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Driving Licence Revocation on Medical Grounds up 50%

October 29, 2019 | By: Victoria Owings

driving licence revocation
Driving licence revocation by the DVLA on medical grounds has reached a five year peak last year with more than 73,000 drivers having their licences withdrawn – a 50 per cent increase compared to 2014.
Research by car selling site Motorway.co.uk, which analysed DVLA data, found that alcohol was the main reason for driving licence revocation along with a driver being affected by seizures or blackouts.
For help putting procedures in place for employee driving licence checks contact our safety experts today.

Driving Licence Revocation on Medical Grounds

So far in 2019, 36,310 car or motorcycle licences (Group 1) and 6157 lorry or bus licences (Group 2) have been medically revoked. Of these, almost two-thirds (65%) of drivers were 50 years old or over. More than 800 teenage drivers (829) have had their licences medically revoked.
Meanwhile, more than 2800 motorcycle or car drivers have had their licences revoked in the past 18 months for sleep related conditions, including narcolepsy. More worryingly, the DVLA figures show that close to 1000 bus or lorry drivers have had their licences revoked over the same period because of blackouts or a sleep condition.
If a driver has their driving licence revoked on medical grounds, they can reapply for their licence once their doctor states they meet the medical standards for driving.
The rules are different if a driver voluntarily surrenders their licence. Under these circumstances, they can drive while a licence is being renewed. That is if the driver has the support of a doctor, a valid licence, is not disqualified and their last licence wasn’t revoked.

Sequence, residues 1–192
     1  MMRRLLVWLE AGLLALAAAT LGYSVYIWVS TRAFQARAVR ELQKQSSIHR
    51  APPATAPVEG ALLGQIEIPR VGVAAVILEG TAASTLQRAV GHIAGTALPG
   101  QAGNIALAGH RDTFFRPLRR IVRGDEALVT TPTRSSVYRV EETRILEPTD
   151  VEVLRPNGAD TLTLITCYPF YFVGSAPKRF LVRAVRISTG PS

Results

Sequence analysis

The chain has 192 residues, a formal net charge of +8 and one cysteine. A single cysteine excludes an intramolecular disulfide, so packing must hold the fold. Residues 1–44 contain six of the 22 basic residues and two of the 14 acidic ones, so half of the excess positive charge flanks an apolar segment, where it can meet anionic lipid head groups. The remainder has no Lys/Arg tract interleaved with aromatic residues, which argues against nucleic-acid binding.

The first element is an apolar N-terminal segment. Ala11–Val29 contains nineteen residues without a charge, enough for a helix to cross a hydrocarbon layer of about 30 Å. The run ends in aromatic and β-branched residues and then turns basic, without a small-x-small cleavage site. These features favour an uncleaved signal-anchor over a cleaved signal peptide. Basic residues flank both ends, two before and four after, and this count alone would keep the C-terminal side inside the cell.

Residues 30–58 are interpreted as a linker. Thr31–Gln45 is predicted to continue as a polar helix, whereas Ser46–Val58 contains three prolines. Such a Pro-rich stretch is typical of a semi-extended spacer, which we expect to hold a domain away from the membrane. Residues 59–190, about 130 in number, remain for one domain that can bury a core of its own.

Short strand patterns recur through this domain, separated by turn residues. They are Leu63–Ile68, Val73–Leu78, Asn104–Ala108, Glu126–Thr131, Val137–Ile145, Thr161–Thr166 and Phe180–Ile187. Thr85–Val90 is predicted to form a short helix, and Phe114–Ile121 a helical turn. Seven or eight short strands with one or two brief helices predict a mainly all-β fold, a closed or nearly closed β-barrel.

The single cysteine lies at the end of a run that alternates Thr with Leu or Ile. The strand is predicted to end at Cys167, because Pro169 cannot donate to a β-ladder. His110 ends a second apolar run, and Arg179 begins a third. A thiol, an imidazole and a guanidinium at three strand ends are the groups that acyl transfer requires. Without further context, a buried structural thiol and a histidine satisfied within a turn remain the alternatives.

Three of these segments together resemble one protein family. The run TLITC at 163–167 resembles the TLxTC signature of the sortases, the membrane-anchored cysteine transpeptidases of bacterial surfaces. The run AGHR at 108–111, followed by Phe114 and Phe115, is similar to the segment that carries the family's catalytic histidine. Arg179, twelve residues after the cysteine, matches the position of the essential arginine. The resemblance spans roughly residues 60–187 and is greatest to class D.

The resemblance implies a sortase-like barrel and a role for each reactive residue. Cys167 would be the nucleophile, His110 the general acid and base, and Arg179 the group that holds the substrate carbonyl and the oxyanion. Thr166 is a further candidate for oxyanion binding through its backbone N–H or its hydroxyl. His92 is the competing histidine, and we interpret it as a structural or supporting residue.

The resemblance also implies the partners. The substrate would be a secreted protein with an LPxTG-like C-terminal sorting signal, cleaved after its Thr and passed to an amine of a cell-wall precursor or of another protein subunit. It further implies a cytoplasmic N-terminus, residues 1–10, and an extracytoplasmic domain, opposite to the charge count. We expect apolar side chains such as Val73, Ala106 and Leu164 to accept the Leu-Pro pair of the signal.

Workplace Driving | Employer Advice

What effect is this increase in driving licence revocation having in the workplace, with many employees needing to drive either to get to their place of work or as part of their job role?
“These figures make for quite frightening reading, but they could be just the tip of the iceberg. How many people are driving with a medical condition and haven’t informed the authorities?”
“You can be fined up to £1000 if you don’t tell the DVLA about a medical condition that affects your driving, but is that really a strong enough deterrent?” comments Alex Buttle, director of Motorway.co.uk.
In 2014, 48,941 licences were revoked, but this has increased by 50 per cent over four years to a peak of 73,724 in 2018. So far this year the top 5 conditions within the total figure of 42,576 licences to be revoked have been:

  • 1. Alcohol (5,450 licences revoked)
  • 2. Seizures (5, 417)
  • 3. Eyesight (4,534)
  • 4. Memory Problems (4,175)
  • 5. Mental Health (3,268)

The risks of driving are constant, and however conscientious you are when you’re behind the wheel, there will inevitably be times when you simply cannot anticipate or account for the actions of other road users. It stands to reason, therefore, that companies who employ people to drive as part of their work need to take very careful precautions to ensure fleet compliance.
The potential implications of failing to do so are severe – as are the punishments to which offending employers can be subjected. Regular and robust licence checking processes are can be used by business owners to defend against potential issues.
For specific advice on employee driving licence checks and other issues managing safety in your workplace, please contact the Wirehouse Health and Safety team today.

About the Author
Victoria Owings
Victoria Owings
Victoria Owings, Author at Wirehouse Employer Services

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